[Review] – Fun Size

6 Nov

Title: Fun Size
Year: 2012
Director: Josh Schwartz
Writer: Max Werner
Starring: Victoria Justice, Jane Levy, Thomas McDonell, Chelsea Handler, Thomas Mann, Josh Pence, Johnny Knoxville, Ana Gasteyer, Osric Chau
MPAA Rating: PG-13, crude and suggestive material, partying, and language
Runtime: 86 min
IMDb Rating: 4.8
Rotten Tomatoes: 24%
Metacritic: 38

Nickelodeon Movies has been around since 1996 and has released over 20 films since then. It’s newest theatrical output, Fun Size, however, stands as the sole film they’ve released on theaters that has received a PG-13 rating, one that, you would imagine, doesn’t go particularly well with the brand this studio has carefully built through TV and the films it’s made, many of which are based precisely on those successful television franchises like Rugrats and SpongeBob SquarePants.

Fun Size also marks another “first time” event, the first time Josh Schwartz has stepped behind the camera to direct a movie, with his Fake Empire Productions also stepping in to produce. Mr. Schwartz is, for those unaware, quite a force in the TV world, especially as far as teenage users are concerned. When he was 26 he became the youngest person in network history to create a series and be its day-to-day showrunner with The O.C., a show that, admittedly, had a huge influence on me when I was younger. Since then he’s spearheaded the developments of Chuck over at NBC as well as Gossip Girl and Hart of Dixie over at The CW where he has two new shows in development.

Anyways, the film was released this past Halloween and has a Halloween theme to it. You have Wren, the lead character played by Victoria Justice (who grew up in the Nickelodeon family), this sarcastic high school senior who really just wants to leave town and go off to college but must deal with one more Halloween where she grew up. Her widowed mess of a mother tells her that she must babysit her little brother while she goes off to a party with her much younger boyfriend, which is a problem considering Wren’s just been invited to an awesome party by her crush, Aaron, played by Thomas McDonell.

As movie luck would have it Wren loses her kid brother in a haunted house as they’re trick-or-treating and must find him before her mom finds out he’s missing. She enlists her friend April, as well as Peng who’s the debate team captain and Roosevelt, Peng’s nerdy best friend who crushes hard on Wren. If you think you know exactly how this one’s going to go then chances are you’re absolutely right, Fun Size follows its formula to a tee and just loves playing it safe as well as feeling like so many 80’s teen comedies we’ve seen time and time again.

By which I mean that it’s a totally disposable movie that, to be fair, probably would have played better as a Halloween special on Nickelodeon. I do think, by the way, that the whole Nickelodeon connection actually hurt this movie a bit. Yes, it’s the first PG-13 outing from that studio but you do get the sense that even though this one tries to be all rebellious to appeal to teens it also feels like it has the responsibility to be all hyperactive to appeal to kids as well. It’s like Mr. Schwartz was making a light version of something that was already light, like he was making a Nickelodeon version of one of his CW projects.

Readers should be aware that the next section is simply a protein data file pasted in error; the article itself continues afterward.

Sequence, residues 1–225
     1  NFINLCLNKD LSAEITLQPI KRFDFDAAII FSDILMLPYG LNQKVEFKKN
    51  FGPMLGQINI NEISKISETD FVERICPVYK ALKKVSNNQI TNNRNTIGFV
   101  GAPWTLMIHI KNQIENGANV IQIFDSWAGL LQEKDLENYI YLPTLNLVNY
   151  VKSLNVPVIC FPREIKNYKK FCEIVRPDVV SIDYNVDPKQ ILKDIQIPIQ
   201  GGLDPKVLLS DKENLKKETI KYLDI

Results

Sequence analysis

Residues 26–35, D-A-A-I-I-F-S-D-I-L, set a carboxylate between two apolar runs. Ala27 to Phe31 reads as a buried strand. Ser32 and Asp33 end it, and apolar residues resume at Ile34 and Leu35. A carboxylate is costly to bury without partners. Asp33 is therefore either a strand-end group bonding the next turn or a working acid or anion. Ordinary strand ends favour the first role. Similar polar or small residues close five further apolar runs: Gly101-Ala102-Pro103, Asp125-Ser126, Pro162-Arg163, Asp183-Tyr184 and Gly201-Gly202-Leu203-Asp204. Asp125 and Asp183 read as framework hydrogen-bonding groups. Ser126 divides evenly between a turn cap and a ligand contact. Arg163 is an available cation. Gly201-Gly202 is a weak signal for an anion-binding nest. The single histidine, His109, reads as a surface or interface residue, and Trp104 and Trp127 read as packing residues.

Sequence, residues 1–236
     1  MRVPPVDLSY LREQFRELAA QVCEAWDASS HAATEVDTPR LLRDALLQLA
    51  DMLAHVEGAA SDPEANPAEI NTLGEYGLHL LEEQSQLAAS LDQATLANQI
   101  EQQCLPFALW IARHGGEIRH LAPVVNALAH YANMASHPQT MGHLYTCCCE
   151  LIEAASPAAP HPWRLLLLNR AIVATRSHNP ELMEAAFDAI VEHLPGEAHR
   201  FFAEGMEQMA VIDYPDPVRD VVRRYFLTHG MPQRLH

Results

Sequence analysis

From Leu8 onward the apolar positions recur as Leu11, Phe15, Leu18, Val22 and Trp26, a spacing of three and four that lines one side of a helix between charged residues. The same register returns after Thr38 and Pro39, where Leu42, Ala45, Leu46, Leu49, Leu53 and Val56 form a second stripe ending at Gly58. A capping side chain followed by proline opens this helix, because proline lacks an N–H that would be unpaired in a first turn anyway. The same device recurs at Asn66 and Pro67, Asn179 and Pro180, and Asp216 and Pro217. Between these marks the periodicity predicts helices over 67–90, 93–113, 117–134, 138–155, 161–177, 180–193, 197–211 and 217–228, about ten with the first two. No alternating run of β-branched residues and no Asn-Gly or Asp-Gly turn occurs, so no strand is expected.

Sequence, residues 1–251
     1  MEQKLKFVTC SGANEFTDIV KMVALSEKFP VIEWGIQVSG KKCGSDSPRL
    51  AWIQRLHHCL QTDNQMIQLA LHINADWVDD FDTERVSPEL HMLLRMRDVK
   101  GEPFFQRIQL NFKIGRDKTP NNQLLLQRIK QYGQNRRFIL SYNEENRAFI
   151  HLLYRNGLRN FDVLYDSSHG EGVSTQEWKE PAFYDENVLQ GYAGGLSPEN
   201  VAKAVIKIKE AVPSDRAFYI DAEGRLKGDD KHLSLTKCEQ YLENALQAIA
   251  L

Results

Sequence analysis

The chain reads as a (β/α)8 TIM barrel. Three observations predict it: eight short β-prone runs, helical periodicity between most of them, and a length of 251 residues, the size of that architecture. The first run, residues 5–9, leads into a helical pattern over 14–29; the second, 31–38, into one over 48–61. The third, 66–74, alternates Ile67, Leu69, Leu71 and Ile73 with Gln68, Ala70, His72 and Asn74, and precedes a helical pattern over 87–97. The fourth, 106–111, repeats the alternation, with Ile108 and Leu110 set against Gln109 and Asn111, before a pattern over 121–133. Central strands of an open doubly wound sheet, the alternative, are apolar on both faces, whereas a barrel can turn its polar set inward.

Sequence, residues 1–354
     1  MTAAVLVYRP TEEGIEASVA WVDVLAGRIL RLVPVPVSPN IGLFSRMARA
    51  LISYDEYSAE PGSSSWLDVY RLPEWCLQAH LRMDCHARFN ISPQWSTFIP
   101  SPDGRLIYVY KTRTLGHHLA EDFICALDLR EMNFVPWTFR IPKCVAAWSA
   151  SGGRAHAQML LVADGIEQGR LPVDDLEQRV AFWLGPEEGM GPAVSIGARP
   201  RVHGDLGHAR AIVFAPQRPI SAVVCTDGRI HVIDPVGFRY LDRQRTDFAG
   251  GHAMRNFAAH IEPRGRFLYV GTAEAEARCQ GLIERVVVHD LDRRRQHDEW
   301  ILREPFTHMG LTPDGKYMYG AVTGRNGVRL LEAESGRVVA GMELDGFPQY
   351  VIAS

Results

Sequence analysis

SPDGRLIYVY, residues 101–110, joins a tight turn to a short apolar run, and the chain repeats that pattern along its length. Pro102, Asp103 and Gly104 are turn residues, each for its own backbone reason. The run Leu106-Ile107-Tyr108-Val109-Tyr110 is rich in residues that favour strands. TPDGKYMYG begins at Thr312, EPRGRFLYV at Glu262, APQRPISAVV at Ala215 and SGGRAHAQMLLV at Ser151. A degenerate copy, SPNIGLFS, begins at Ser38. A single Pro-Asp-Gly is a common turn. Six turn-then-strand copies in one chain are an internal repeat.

That’s the bad part, because it has to be said out front since I don’t recommend this movie, but I do have to admit that, for brief flashes of time, there’s some fun to be had with this movie. The screenplay from Max Werner, when it actually knows exactly what kind of movie it wants to be (which, granted, isn’t often enough) actually showcases tremendous amounts of wit, which shouldn’t really come as that much of a surprise when you consider Mr. Werner’s pedigree as an Emmy-nominated staff writer for The Colbert Report.

The cast, also, has some really cool people that do the best they can with the material they’re given and that, from time to time, really make this one quite fun. You have Jane Levy, who I have a crush on and love from ABC‘s Suburgatory, as April, as well as a lot of really neat faces in smaller supporting roles, including Ms. Levy’s Suburgatory co-star Ana Gasteyer as well as Johnny Knoxville and Chelsea Handler. I do, however, have to admit that Victoria Justice didn’t do it for me at all and felt like she had no tangible personality whatsoever.

It really is just too bad that this film is so over the place for any of the good bits about it to really stick, I thought it didn’t concern itself with any kind of details and I thought it was just hopelessly immature. It’s really all about the foursome just hanging out and the worn-out dynamics of their characters with every so often a hint of worry splashing across Wren’s face to remind us that there’s a narrative here and that they’re really looking for her brother which doesn’t matter because not for one second do you believe there’s even the tiniest of chances that they won’t find him.

I like Josh Schwartz a good deal, and I will forever be thankful to him for The O.C. and Chuck, but his first attempt at a feature film was just quite sucky. The tone was just always inconsistent, as though he was trying to go for a John Hughes vibe with a few edgy references sprinkled in but always being bogged down by the Nickelodeon censors or something. In the end that just made it feel too over the place, half of its story lines being made for a more mature audiences and then the other half being peppered with juvenile gags. Still, he should try again, maybe get that Looking for Alaska adaptation he’s had brewing for a while off the ground.

Grade: C

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